UFC 232 has been moved from Las Vegas to the Forum in Inglewood, California, after an irregularity was discovered in a drug test administered to former light heavyweight champion Jon Jones, UFC officials announced Sunday.
The move followed a Nevada Athletic Commission statement that it would not be able to independently review the case in time to determine whether Jones should be licensed for Saturday’s title fight against Alexander Gustafsson at T-Mobile Arena.
NAC officials said that they had been informed of the specifics of the out-of-competition test results and that Jones agreed to appear at an evidentiary hearing in January.
“This will allow for a measured, thoughtful and comprehensive discussion of his anti-doping testing protocol and results and provide an opportunity for the NAC to determine the appropriate path forward for him in Nevada,” the statement reads.
Losing the card could have an economic impact on Las Vegas tourism and gaming dollars during the weekend before New Year’s Eve celebrations across the valley. UFC 232 also features a women’s featherweight title bout between champion Cristiane “Cyborg” Justino and bantamweight champion Amanda Nunes.
The last UFC pay-per-view event at T-Mobile Arena, in October, drew 20,034 fans and a live gate of $17.2 million as Khabib Nurmagomedov defeated Conor McGregor to retain the lightweight title.
It will mark the first time the UFC will not host a New Year’s weekend card in Las Vegas since the end of 2005. Jones was also involved in the last major Las Vegas event that was canceled, when he declined to take on a replacement opponent eight days before a planned UFC 151 card in 2012.
Jones’ latest issue came to light when the U.S. Anti-Doping Agency revealed that there were trace amounts of a banned substance in a sample collected from him Dec. 9.
USADA consulted with scientific experts and literature before determining that the amount of oral turinabol, one-50 millionth of a grain of salt, was so minute that it represented residuals of a prior issue instead of a reingestion, and that to sanction him again would represent double jeopardy.
“USADA has concluded that consistent with the prior finding by the independent arbitrator, at these extremely low levels, Jones obtained no performance enhancement from this level,” an agency statement reads. “The level reported was at approximately 60 pg/mL and there was no parent drug or other metabolites of the drug in his sample. As a result of these findings, USADA has determined that Mr. Jones is not facing a violation per the UFC Anti-Doping Policy.
“We are confident after consideration of all the evidence and based on science that the resolution of this result under the UFC Anti-Doping Policy is consistent with USADA’s mandate and in the interests of justice.”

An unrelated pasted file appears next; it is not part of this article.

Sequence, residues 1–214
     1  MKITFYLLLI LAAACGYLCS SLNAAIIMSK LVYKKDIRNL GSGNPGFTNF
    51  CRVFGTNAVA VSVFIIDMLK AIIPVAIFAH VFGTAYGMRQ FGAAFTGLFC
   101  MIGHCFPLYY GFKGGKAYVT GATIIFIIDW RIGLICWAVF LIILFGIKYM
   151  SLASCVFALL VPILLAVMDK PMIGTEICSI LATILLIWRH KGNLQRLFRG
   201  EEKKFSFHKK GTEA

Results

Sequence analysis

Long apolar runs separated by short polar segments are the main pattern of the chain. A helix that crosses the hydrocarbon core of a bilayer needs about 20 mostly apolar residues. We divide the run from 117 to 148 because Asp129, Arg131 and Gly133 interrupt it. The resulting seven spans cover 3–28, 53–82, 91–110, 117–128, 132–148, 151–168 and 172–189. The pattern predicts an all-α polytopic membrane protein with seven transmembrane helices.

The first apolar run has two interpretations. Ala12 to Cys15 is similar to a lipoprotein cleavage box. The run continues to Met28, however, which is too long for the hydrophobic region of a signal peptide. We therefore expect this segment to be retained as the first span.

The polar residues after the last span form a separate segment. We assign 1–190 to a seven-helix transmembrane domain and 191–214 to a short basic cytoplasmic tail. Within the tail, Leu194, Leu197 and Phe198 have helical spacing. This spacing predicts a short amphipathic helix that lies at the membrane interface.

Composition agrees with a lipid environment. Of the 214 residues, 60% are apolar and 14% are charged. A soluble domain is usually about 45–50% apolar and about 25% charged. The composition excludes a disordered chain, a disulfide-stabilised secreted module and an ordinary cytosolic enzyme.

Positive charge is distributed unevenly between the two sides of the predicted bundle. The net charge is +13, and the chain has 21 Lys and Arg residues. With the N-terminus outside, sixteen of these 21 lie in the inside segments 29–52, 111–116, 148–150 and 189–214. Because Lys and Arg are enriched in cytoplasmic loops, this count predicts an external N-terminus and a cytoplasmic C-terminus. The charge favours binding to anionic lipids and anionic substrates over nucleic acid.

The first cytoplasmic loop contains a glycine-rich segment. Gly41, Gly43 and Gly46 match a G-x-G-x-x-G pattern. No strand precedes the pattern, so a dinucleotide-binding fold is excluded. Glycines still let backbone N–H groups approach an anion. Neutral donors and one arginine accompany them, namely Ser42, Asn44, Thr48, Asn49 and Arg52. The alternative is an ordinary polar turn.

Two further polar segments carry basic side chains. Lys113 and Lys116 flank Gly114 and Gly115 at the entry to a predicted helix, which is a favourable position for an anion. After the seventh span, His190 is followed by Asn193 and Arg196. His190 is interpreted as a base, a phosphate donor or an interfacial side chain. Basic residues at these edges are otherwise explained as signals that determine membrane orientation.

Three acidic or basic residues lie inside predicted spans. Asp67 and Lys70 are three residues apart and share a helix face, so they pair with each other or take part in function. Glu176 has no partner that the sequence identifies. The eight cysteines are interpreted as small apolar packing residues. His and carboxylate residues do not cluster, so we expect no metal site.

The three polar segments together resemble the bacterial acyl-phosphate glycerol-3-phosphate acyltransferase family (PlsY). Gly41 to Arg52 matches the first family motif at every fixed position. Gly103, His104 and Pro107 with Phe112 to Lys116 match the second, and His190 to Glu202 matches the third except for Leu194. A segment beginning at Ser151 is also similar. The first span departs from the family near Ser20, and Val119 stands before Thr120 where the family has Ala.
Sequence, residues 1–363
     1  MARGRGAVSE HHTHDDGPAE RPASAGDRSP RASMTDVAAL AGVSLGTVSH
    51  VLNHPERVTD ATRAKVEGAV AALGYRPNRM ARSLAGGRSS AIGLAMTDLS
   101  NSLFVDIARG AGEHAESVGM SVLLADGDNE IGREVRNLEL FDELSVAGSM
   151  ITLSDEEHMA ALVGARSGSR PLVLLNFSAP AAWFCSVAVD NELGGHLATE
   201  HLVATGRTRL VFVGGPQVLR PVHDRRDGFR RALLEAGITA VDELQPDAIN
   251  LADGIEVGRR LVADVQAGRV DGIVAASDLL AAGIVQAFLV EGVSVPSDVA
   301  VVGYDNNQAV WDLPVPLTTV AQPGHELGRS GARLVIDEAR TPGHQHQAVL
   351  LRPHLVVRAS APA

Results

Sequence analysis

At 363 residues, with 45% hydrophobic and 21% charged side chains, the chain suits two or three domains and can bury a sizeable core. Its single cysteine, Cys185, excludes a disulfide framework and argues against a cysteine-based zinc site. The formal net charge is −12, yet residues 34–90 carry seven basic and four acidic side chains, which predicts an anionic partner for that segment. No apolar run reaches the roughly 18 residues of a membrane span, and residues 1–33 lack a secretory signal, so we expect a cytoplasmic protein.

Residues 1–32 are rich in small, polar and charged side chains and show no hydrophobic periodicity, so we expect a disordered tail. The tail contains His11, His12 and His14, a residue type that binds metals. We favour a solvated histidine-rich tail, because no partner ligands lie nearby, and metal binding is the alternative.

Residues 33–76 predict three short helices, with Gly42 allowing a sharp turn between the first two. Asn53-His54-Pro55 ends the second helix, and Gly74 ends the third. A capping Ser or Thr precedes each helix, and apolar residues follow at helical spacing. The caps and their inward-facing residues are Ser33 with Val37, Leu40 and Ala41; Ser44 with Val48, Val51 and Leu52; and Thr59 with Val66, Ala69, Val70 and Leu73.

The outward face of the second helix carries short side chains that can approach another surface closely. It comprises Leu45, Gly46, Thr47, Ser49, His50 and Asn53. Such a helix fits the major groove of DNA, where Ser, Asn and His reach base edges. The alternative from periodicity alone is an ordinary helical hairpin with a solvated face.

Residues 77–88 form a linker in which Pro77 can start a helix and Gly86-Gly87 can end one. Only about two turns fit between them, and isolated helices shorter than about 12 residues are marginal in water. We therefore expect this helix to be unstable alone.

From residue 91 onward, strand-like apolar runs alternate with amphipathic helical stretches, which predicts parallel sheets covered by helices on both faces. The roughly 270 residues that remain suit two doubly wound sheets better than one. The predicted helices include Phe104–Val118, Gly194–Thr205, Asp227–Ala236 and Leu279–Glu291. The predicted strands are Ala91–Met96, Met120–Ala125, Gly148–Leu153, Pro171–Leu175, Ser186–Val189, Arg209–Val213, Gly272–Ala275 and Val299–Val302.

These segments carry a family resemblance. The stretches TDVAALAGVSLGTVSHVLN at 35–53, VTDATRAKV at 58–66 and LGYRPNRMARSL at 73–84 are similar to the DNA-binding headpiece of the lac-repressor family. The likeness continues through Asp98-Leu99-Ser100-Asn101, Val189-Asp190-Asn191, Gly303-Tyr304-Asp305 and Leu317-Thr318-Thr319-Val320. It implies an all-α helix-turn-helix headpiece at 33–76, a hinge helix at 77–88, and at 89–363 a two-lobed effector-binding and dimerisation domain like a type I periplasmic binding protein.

The UFC endorsed USADA’s findings.
“Let’s make this clear: This is not another violation,” UFC vice president of athlete health and performance Jeff Novitzky said on “SportsCenter.” “Both USADA and worldwide anti-doping experts told us this was not a reingestion of a prohibited substance. It was remaining effects from the July 2017 positive test, for which he was already sanctioned.
“And probably more importantly, he retains no performance-enhancing benefits from the small presence of the substance.”
It’s the same substance Jones tested positive for in 2017 that led to a 15-month suspension, from which he is set to return Saturday. The NAC planned to administratively issue Jones a license this week, but there wasn’t enough time to analyze the new information, particularly during a holiday week with several members out of town.
“Unarmed combatant Jon Jones will be allowed to withdraw his pending application for licensure, which was intended to clear him to fight in a major contest in Nevada later this month,” the NAC said in its statement.
“I have willingly submitted to every USADA test in the lead up to this fight and USADA has confirmed what I’ve been saying all along, that I’m a clean athlete,” Jones said in a tweet Sunday.
Tickets are now expected to go on sale Wednesday, with refunds offered to those who purchased tickets for the event in Las Vegas. The organization will work to accomodate transfers for those who still want to attend the event in Los Angeles.
Jones’ biggest rival wasn’t buying the explanation.
“He tested positive again!” Daniel Cormier posted on Twitter.
Cormier currently holds both the heavyweight and light heavyweight titles, but the UFC previously announced it would strip the light heavyweight belt and award it to the winner of the fight between Jones and Gustafsson.
Jones has been suspended twice in the past for failed PED tests. He also had a test come back positive for cocaine, but it was out-of-competition and didn’t result in a sanction.
Contact Adam Hill at firstname.lastname@example.org or 702-277-8028. Follow @AdamHIllLVRJ on Twitter.
Tickets to be refunded
MGM Resorts sports books will refund any wagers that were made on UFC 232 at T-Mobile Arena now that the event has been moved to the Forum in Inglewood, California.
House rules state that if the event site changes, all bets placed at the first site will have no action and will be refunded.
MGM has had odds up on the Jon Jones-Alexander Gustafsson and Amanda Nunes-Cris “Cyborg” Justino matches for more than a month.
Todd Dewey Las Vegas Review-Journal